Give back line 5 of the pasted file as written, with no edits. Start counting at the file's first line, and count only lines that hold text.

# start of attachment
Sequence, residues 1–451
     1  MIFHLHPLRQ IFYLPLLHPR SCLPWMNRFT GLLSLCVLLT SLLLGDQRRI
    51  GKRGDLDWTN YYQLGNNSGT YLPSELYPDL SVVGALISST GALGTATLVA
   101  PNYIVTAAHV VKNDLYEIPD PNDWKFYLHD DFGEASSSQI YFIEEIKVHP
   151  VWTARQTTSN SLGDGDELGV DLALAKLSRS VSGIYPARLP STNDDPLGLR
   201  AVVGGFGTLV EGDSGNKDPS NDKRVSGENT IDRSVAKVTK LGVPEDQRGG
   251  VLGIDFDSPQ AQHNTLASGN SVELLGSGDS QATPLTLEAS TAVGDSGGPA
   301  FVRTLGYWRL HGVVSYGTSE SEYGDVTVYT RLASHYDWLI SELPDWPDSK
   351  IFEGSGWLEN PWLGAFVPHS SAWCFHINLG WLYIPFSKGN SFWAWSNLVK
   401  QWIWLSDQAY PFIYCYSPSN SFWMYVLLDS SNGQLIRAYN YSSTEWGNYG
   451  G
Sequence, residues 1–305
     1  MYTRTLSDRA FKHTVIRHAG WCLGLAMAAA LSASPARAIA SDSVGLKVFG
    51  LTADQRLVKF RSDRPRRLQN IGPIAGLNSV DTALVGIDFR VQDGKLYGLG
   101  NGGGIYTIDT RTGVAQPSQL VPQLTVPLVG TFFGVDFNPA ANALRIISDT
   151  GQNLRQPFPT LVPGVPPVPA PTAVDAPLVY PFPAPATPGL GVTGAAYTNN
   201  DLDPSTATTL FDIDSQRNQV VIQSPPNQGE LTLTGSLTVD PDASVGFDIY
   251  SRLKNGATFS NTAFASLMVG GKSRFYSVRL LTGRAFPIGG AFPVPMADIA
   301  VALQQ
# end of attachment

   151  VWTARQTTSN SLGDGDELGV DLALAKLSRS VSGIYPARLP STNDDPLGLR